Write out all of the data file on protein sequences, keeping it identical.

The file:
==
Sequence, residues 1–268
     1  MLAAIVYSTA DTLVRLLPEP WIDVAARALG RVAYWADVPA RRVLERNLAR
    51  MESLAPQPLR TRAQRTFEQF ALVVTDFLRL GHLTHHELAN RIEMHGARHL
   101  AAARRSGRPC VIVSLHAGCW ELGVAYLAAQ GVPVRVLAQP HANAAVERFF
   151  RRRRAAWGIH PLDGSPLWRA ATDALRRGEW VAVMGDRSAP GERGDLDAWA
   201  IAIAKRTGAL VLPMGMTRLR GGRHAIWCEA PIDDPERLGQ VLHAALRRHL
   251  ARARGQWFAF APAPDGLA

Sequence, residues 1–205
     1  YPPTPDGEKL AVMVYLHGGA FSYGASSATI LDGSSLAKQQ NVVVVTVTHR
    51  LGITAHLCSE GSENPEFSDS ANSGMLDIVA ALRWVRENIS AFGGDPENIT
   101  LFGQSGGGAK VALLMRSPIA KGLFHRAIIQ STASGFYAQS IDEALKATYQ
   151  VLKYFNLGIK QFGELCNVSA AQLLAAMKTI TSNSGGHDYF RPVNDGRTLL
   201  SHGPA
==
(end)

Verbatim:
Sequence, residues 1–268
     1  MLAAIVYSTA DTLVRLLPEP WIDVAARALG RVAYWADVPA RRVLERNLAR
    51  MESLAPQPLR TRAQRTFEQF ALVVTDFLRL GHLTHHELAN RIEMHGARHL
   101  AAARRSGRPC VIVSLHAGCW ELGVAYLAAQ GVPVRVLAQP HANAAVERFF
   151  RRRRAAWGIH PLDGSPLWRA ATDALRRGEW VAVMGDRSAP GERGDLDAWA
   201  IAIAKRTGAL VLPMGMTRLR GGRHAIWCEA PIDDPERLGQ VLHAALRRHL
   251  ARARGQWFAF APAPDGLA

Sequence, residues 1–205
     1  YPPTPDGEKL AVMVYLHGGA FSYGASSATI LDGSSLAKQQ NVVVVTVTHR
    51  LGITAHLCSE GSENPEFSDS ANSGMLDIVA ALRWVRENIS AFGGDPENIT
   101  LFGQSGGGAK VALLMRSPIA KGLFHRAIIQ STASGFYAQS IDEALKATYQ
   151  VLKYFNLGIK QFGELCNVSA AQLLAAMKTI TSNSGGHDYF RPVNDGRTLL
   201  SHGPA